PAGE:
Adaptation for the Built Environment and Communities
- Reform insurance programs that provide support to communities impacted by flooding, hurricanes, droughts, and wildfires to include affordability, mitigation, access, equity, and accurate flood and fire maps. Require that all rebuilding activities utilize materials that are climate change resilient (like fire-wise building in fire-adapted ecosystems) and are recycled or zero carbon and gentle on the natural world.
- Halt development in climate-vulnerable areas that risks worsening the vulnerability of communities, such as development in flood-prone areas, fire-adapted ecosystems, forests, and wetlands. The National Flood Insurance Program should be reformed to ban new construction in floodplains and have stronger enforcement of floodplain management requirements. Overall, flood insurance should not be issued for new construction in (so-called) 100-year floodplains.
- Update building codes to include area-specific climate resilience needs so that all new construction is clean, green, and environmentally sustainable and addresses highly localized conditions.
- Aim for balance between pre- and post-disaster spending. Currently, for example, the Disaster Recovery Act only sets aside 6% for pre-disaster resilience. Support policies that protect people, their homes, and protect or upgrade community infrastructure to meet the demands of dangerous or harmful weather that falls short of disaster, such as more frequent and more intense heat waves and downpours.
- Develop and implement a human rights‐centered approach to displacement, migration, and resettlement. Provide support for communities to plan and implement responses to extreme weather, disease, and disasters to ensure that vulnerable populations are provided with transportation assistance, shelter, food, health services, and other resources and accommodations as needed. Ensure a legal right to return for communities. If economically disadvantaged or middle-income people cannot return to a place because it has been rendered unsafe by climate impacts and private insurance does not provide adequate compensation, provide a right to recompense from the federal government. Build or rebuild affordable housing and transportation for displaced residents, with a priority on supporting those with the greatest need.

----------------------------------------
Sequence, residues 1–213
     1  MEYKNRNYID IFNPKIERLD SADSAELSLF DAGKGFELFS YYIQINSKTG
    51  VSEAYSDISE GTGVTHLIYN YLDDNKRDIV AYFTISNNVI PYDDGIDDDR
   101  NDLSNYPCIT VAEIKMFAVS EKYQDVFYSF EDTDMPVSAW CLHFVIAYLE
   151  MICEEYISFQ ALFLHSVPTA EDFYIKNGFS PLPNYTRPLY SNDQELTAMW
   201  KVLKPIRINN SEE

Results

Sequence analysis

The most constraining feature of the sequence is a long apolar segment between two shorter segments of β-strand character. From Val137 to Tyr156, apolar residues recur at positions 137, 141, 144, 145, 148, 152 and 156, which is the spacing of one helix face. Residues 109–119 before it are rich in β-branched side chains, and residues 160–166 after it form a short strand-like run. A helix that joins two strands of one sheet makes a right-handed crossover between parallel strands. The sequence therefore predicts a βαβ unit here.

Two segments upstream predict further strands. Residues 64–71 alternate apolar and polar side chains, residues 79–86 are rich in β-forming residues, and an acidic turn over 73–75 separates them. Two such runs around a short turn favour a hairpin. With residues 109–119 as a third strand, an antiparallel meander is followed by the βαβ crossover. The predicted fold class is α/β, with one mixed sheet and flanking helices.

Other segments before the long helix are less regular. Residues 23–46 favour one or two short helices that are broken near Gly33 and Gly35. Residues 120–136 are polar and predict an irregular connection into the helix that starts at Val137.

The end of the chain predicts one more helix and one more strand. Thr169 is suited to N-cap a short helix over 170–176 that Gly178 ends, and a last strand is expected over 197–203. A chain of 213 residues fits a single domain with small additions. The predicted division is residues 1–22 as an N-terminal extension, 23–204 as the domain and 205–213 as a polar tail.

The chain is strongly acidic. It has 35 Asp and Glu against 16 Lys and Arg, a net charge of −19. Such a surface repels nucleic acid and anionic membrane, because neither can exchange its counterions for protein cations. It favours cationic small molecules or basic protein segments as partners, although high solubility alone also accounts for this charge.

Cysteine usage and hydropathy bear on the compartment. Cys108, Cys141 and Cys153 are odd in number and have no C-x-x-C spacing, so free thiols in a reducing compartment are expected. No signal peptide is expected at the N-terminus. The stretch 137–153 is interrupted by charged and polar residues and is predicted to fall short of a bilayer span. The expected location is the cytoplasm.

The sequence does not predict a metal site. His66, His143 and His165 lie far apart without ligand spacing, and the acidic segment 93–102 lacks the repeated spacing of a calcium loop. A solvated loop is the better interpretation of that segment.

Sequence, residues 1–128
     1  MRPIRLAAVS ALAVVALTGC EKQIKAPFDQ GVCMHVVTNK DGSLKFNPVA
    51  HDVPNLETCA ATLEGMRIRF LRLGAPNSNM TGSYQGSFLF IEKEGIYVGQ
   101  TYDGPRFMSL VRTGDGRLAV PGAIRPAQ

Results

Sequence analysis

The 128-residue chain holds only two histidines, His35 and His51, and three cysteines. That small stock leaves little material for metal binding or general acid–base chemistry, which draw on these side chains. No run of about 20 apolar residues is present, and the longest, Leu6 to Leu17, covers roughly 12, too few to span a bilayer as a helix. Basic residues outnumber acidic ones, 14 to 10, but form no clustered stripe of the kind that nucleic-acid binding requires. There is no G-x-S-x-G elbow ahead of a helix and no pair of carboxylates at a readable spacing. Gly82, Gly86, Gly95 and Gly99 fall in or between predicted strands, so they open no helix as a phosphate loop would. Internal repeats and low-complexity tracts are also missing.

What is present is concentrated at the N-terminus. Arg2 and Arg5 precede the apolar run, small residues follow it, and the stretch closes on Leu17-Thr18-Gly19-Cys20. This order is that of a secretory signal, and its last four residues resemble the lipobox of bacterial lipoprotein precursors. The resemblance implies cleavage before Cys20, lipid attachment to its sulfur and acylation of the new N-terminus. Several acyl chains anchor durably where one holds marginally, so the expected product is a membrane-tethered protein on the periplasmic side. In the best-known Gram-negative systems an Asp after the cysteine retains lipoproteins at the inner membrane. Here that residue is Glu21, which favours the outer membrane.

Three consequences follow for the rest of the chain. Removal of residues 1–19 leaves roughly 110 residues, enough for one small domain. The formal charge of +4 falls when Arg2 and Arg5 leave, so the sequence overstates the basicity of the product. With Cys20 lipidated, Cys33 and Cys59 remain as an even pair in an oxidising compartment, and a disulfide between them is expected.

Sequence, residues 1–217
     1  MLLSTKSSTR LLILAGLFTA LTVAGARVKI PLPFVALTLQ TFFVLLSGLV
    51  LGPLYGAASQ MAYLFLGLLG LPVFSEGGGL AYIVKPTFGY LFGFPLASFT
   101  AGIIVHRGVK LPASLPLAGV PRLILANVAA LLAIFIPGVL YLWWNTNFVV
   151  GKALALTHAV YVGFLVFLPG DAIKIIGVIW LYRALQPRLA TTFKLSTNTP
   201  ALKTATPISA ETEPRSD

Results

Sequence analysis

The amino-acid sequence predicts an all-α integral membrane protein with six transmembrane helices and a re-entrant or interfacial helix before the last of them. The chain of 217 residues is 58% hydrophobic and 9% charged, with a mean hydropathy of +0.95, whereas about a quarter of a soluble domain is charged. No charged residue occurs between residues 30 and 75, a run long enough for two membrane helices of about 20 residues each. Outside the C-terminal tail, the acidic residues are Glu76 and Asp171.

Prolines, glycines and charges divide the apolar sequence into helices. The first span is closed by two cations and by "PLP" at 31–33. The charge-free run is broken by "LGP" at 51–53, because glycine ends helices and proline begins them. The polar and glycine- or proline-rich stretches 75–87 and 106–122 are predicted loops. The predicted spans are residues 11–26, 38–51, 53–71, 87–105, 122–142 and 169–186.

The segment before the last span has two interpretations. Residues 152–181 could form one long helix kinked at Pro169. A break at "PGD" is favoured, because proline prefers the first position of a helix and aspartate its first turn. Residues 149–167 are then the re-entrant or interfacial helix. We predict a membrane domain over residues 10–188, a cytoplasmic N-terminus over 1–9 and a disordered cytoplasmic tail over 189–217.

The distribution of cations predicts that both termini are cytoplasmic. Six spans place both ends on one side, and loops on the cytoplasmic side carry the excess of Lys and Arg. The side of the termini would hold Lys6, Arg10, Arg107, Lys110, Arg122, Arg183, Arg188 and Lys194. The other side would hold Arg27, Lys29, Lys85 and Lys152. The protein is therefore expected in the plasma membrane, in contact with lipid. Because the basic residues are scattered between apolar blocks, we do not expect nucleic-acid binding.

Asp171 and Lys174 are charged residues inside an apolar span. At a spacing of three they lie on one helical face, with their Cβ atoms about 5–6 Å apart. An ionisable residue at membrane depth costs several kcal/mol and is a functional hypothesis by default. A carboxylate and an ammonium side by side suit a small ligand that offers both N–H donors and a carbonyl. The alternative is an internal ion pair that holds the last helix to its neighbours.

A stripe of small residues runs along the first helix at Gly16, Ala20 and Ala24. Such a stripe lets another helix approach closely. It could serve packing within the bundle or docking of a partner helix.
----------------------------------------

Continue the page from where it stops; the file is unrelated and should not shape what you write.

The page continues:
- Establish and provide policies, governance frameworks, and funding for people to move if they must or want to. The right to return should not require people to return to unsafe places. Economically disadvantaged communities and individuals should receive assistance and recompense of property equivalent to fair market value prior to climate events to relocate from lands frequently impacted.
Spend Community Development Block Grant funding provided by the U.S. Department of Housing and Urban Development with an equity-centered frame, including:
- Providing disaster funds to residents of manufactured homes.
- Putting the needs of families struggling to make ends meet first and prioritizing them for support for future climate-related crises.
- Supporting rental assistance.
VISION FOR EQUITABLE CLIMATE ACTION
The Vision for Equitable Climate Action (VECA) is a roadmap to prevent the worst of global warming. Acting equitably and ambitiously to reduce greenhouse gases to zero by 2050.